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affinity alkali ammonia amount apparatus applied aqueous assume atmospheric air atomic weight ball baryta battery binoxide of nitrogen bodies bromine caloric carbonic acid charcoal chemical chemists chloric acid chlorine colour combination combustion compound condensed conductor containing cooling copper crystals decomposed decomposition degree density diagram dissolved distilled effect electricity employed equal Equivalent or atomic evaporation expansion experiment flask fluid gaseous gases glass tube heat Hence hydrate hydrochloric acid hydrogen inches indicated instrument iodine iron latter light lime liquid magnetic manganese means mercury metallic mixture nitrate nitric acid nitrogen oil of vitriol operation ordinary oxide oxygen peroxide philosophers phosphoric acid phosphorus plate platinum polarized portion potash potassium pressure proportion protoxide quantity rays readily refractive represented result salt silver soda solid soluble solution specific gravity spheroidal steam substance sulphate sulphuret sulphuric acid surface temperature term theory thermometer vapour vessel voltaic volume wire zinc
الصفحة 29 - Antimony Sb Argon A Arsenic As Barium Ba Bismuth Bi Boron B Bromine Br Cadmium Cd Calcium Ca Carbon C Cerium Ce...
الصفحة 40 - All these things being considered, it seems probable to me that God in the beginning formed matter in solid, massy, hard, impenetrable, moveable particles, of such sizes and figures, and with such other properties and in such proportion to space as most conduced to the end for which he formed them...
الصفحة 40 - ... them; and that these primitive particles being solids are incomparably harder than any porous bodies compounded of them, even so very hard as never to wear or break in pieces, no ordinary power being able to divide what God himself made one in the first creation.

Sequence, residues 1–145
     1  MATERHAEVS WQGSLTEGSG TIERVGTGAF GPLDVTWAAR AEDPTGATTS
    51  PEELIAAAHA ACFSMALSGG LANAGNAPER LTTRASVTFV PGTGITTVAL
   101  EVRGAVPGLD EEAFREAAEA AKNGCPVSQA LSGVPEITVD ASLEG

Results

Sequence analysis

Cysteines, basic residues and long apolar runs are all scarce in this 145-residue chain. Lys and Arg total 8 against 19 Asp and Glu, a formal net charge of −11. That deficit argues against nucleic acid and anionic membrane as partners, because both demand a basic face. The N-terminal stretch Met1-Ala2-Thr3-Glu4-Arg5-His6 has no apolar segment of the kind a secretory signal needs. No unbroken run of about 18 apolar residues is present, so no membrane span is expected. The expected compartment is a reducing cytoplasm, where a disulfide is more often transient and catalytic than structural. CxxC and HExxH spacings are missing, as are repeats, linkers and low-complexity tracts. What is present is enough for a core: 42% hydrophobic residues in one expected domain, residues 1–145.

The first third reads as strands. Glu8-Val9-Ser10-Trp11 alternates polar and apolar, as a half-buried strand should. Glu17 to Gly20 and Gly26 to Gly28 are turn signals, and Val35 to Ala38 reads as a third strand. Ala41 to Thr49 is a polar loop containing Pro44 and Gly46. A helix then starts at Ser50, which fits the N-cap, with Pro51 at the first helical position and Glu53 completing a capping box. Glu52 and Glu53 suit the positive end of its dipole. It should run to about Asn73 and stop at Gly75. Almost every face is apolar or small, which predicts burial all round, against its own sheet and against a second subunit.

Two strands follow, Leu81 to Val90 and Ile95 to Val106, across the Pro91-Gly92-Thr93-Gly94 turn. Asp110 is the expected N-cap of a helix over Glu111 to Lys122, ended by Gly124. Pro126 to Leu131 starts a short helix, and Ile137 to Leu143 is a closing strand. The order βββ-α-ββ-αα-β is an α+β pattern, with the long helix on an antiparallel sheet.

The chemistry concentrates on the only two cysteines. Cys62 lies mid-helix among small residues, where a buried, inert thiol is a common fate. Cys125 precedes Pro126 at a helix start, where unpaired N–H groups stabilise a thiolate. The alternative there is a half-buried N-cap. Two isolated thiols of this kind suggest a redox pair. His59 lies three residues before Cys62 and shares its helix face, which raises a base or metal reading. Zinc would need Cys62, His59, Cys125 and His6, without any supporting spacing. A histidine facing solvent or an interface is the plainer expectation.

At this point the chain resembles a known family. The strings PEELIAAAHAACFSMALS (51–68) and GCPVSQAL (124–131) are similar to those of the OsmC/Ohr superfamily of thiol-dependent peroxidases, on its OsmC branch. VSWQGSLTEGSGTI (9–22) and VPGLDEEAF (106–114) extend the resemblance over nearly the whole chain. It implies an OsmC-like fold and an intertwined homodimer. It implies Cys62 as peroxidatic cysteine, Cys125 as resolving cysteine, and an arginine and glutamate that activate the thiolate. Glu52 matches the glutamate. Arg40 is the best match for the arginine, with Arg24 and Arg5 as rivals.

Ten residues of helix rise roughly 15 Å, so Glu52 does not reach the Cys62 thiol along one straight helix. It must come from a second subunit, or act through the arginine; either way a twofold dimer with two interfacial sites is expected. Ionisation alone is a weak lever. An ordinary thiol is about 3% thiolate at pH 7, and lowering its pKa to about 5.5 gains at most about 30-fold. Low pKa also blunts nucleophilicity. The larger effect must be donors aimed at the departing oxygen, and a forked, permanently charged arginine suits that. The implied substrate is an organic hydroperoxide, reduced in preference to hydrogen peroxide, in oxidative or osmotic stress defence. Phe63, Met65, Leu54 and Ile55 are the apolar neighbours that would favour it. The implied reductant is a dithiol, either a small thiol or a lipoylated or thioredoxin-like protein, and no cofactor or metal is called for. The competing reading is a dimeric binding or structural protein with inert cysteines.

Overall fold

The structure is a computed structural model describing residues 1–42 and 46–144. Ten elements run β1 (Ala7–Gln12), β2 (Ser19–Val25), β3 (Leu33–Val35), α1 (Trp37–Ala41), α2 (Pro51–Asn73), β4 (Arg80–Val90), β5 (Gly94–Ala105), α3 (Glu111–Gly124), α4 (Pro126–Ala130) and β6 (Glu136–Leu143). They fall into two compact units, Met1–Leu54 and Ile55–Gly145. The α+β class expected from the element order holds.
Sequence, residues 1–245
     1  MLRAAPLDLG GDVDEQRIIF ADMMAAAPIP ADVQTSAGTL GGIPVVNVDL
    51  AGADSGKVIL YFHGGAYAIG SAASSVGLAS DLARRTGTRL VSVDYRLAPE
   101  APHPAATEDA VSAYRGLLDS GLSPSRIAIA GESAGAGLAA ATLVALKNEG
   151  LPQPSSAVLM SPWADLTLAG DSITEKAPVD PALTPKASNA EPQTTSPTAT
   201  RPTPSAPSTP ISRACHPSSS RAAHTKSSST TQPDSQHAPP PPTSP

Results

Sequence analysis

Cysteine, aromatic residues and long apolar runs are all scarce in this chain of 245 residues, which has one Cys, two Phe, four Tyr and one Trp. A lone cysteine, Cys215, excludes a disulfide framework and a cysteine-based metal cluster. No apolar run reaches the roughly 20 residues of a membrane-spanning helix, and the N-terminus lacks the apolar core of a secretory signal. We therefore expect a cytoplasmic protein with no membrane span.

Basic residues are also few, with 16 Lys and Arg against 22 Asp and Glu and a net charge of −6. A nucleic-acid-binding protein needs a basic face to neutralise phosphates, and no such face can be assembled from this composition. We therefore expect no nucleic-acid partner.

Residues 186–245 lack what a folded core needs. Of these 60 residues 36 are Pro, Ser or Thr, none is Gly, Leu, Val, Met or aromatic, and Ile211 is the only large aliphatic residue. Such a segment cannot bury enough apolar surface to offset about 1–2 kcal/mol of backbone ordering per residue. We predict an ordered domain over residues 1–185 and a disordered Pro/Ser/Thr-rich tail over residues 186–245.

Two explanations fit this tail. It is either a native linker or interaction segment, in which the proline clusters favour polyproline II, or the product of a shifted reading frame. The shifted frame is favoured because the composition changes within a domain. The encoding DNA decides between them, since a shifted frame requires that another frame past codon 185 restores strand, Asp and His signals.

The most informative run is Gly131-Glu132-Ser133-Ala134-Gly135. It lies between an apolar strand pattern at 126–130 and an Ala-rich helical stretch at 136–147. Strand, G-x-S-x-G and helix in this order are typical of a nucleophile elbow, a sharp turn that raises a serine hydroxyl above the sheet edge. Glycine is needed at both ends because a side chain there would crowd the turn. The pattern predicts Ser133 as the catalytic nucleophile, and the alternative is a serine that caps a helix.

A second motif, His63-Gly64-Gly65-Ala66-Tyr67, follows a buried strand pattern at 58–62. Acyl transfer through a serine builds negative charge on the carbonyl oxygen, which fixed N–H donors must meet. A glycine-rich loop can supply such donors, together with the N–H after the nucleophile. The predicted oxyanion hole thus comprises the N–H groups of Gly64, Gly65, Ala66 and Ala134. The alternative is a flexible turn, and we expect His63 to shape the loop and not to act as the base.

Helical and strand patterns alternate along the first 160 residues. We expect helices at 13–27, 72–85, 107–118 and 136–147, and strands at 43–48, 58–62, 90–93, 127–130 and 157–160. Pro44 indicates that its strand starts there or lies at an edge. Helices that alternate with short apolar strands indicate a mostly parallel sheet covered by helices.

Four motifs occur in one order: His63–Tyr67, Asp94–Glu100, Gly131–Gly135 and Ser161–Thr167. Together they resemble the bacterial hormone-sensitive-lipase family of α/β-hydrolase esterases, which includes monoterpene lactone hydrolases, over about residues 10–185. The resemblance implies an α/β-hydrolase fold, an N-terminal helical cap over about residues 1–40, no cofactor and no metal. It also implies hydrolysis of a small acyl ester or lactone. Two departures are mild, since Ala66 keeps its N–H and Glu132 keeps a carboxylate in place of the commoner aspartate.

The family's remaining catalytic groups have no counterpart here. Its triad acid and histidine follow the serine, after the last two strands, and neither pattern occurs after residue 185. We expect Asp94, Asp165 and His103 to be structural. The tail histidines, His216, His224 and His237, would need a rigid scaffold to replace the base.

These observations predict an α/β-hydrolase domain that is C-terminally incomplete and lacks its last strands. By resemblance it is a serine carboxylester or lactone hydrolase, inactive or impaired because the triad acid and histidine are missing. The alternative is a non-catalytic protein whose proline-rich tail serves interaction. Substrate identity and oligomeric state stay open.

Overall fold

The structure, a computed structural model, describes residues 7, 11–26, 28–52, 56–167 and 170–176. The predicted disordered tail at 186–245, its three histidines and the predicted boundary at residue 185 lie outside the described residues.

الصفحة 7 - ... once what is the weight of a quantity of water, equal in bulk to the solid matter in the sand ; and by comparing this with the weight of the sand, we have its true specific gravity.
الصفحة 166 - Laboratory. elastic fluids to abstract or conduct away heat from solid surfaces, is in some inverse ratio to their density, and that there is something in the constitution of the light gases, which enables them to carry off heat from solid surfaces in a different manner from that in which they would abstract it in gaseous mixtures, depending probably upon the mobility of their parts...
الصفحة 132 - Those surfaces, that reflect light most perfectly, are not equally adapted to the reflection of caloric. Thus, a glass mirror, which reflects light with great effect when held before a blazing fire, scarcely returns any heat, and the mirror itself becomes warm. On the contrary, a polished plate of tin, or a silver spoon, when similarly placed, reflects, to the hand, a very sensible degree of warmth ; and the metal itself remains cool. Metals, therefore, are much better reflectors of caloric than...
الصفحة 252 - ... was connected with the positive end. There was action and gas evolved at both poles; but from the intervention of the pure water, the decomposition was very feeble compared to what the battery would have effected in a uniform solution. After a...
الصفحة 41 - Wollaston concludes, that all the phenomena accord entirely with the supposition that the Earths atmosphere is of finite extent, limited by the weight of ultimate atoms, of definite magnitude, no longer divisible by repulsion of their parts.
الصفحة 161 - There can scarcely be a doubt entertained respecting the reducibility of all elastic fluids of whatever kind into liquids ; and we ought not to despair of effecting it in low temperatures^ and by strong pressure exerted upon the unmixed gases."1 The same ideas are reiterated in Dalton's "New System of Chemical Philosophy...
الصفحة 44 - B, and 1 atom of A to 1 of B respectively; for, the proportions being 10 A to 7 B (or, which is the same ratio, 20 A to 14 B) and 10 A to 14 B, it is clear by the rule, that when the numbers are thus stated, we must consider the former combination as composed of 2 atoms of A, and the latter of 1 atom of A, united to 1 or more of B.